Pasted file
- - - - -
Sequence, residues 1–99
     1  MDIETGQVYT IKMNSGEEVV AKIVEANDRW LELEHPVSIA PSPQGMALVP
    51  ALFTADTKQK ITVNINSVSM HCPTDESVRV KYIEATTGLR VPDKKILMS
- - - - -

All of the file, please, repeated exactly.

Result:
Sequence, residues 1–99
     1  MDIETGQVYT IKMNSGEEVV AKIVEANDRW LELEHPVSIA PSPQGMALVP
    51  ALFTADTKQK ITVNINSVSM HCPTDESVRV KYIEATTGLR VPDKKILMS